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Gradient Elution Chromatography

Liquid Chromatography

  1. J.W. Dolan,
  2. L.R. Snyder

Published Online: 15 JUN 2012

DOI: 10.1002/9780470027318.a5907.pub2

Encyclopedia of Analytical Chemistry

Encyclopedia of Analytical Chemistry

How to Cite

Dolan, J. and Snyder, L. 2012. Gradient Elution Chromatography. Encyclopedia of Analytical Chemistry. .

Author Information

  1. LC Resources Inc., Walnut Creek, CA, USA

Publication History

  1. Published Online: 15 JUN 2012

Abstract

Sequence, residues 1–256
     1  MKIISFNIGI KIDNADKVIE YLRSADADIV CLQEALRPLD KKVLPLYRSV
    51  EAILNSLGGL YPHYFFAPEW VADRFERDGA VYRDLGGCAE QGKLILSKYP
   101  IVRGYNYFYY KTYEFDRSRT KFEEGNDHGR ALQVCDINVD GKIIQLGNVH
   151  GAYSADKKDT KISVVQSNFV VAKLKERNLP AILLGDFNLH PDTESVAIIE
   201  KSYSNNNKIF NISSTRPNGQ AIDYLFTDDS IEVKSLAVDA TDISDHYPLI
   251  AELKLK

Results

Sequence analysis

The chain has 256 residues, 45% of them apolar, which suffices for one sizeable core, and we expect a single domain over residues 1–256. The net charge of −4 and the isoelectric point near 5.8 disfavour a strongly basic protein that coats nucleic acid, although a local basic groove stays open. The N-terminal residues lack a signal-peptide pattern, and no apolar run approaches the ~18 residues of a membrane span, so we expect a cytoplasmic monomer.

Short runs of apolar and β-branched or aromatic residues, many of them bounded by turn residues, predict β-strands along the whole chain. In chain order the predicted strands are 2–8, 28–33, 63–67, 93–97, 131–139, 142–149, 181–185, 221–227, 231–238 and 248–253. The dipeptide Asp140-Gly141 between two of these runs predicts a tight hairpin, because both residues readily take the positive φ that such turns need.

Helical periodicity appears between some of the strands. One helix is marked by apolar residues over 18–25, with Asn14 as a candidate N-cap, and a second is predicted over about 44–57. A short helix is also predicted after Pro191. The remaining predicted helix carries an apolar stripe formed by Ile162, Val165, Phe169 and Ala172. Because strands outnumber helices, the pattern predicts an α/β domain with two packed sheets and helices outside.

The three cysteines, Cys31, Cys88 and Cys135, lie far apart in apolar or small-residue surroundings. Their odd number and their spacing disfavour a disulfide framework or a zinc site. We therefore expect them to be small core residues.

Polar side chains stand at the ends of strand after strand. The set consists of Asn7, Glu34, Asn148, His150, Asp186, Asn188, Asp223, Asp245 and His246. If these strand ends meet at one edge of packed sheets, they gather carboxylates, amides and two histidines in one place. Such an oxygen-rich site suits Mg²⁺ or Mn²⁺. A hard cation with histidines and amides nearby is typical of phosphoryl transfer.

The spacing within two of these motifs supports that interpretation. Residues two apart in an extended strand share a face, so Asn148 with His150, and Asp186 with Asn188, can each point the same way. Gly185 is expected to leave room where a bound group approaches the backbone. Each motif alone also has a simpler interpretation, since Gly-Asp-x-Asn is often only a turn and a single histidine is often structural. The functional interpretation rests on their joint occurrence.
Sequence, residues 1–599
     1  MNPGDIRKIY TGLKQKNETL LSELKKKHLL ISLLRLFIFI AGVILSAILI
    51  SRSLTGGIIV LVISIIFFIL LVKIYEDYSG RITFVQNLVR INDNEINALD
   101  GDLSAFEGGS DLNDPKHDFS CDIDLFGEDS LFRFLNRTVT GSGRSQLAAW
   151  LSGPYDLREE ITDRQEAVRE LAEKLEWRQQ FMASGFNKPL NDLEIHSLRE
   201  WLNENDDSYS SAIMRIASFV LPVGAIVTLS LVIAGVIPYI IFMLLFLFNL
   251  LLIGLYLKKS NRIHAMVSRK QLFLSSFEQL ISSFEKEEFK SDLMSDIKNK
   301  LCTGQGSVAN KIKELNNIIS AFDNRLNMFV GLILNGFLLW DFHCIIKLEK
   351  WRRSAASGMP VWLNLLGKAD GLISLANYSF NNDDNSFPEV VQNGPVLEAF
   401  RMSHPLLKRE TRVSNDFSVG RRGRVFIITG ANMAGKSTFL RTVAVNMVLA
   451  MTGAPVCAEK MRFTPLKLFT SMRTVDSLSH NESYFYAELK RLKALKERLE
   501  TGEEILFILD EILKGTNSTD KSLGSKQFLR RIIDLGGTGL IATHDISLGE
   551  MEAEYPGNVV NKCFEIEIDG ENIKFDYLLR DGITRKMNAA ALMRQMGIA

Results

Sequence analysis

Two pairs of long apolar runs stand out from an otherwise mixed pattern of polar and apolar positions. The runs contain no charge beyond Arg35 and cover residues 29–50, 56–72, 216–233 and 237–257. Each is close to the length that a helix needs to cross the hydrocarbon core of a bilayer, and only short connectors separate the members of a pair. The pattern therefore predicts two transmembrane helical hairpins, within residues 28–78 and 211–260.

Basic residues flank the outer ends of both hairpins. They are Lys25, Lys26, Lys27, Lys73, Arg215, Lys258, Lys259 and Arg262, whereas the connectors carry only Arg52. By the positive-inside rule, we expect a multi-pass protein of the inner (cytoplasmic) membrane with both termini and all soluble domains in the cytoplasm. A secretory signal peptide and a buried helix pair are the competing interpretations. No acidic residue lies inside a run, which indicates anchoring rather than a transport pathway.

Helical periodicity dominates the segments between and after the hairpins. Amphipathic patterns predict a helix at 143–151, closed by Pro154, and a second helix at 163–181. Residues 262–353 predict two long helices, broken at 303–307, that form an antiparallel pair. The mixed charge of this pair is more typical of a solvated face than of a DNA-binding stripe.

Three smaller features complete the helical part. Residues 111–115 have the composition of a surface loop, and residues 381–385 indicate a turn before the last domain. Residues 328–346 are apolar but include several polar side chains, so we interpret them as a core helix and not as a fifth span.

Elution chromatography can be carried out in either isocratic or gradient modes. In isocratic elution, the mobile-phase composition is held constant during separation of the sample, e.g. 60% v acetonitrile–water. In gradient elution, the mobile-phase composition will be varied during sample separation, e.g. changing from 0 to 100% v acetonitrile–water. Gradient elution requires special chromatographic equipment, as well as somewhat greater care on the part of the operator, but it has important advantages for many separations. Thus, in isocratic elution, sample peaks tend to ‘bunch up’ at the beginning of the chromatogram (often with decreased resolution) and to broaden at the end of the chromatogram (with reduced detection sensitivity). Gradient elution, on the other hand, provides a more even spacing of peaks, similar widths throughout the chromatogram, and often a shorter run time. For these and other reasons, gradient elution is preferred for the separation of many samples.